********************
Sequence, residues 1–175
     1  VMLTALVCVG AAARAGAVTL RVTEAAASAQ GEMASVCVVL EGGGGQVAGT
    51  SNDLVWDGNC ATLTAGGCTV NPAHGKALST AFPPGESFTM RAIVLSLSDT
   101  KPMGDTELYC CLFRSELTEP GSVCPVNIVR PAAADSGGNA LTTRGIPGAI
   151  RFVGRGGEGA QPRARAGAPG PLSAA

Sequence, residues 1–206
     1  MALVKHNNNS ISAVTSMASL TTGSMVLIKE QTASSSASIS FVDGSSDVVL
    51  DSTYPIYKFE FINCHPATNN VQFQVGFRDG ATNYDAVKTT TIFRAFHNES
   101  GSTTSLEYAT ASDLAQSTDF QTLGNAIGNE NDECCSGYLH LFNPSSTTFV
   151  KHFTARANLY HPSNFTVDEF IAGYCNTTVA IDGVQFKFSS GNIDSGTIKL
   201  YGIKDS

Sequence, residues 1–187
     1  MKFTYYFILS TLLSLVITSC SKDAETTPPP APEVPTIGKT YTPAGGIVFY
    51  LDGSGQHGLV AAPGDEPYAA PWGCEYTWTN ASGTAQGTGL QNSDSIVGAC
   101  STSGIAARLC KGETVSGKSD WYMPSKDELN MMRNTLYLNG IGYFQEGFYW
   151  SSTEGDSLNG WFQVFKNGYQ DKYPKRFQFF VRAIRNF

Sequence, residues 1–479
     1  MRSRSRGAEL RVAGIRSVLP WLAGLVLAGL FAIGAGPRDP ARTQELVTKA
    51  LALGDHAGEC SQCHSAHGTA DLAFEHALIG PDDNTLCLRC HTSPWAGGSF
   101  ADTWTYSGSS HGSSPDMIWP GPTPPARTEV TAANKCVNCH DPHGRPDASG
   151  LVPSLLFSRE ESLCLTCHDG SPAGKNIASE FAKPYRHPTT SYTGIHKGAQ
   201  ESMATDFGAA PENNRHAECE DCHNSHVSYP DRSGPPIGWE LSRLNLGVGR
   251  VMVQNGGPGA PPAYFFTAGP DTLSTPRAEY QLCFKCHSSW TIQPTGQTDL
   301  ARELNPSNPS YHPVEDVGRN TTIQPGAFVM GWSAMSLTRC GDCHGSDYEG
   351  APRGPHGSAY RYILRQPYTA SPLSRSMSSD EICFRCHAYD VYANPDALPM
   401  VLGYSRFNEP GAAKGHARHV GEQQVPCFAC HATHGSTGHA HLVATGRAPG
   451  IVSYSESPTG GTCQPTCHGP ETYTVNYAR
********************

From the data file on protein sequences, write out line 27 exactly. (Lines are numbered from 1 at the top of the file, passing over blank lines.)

   451  IVSYSESPTG GTCQPTCHGP ETYTVNYAR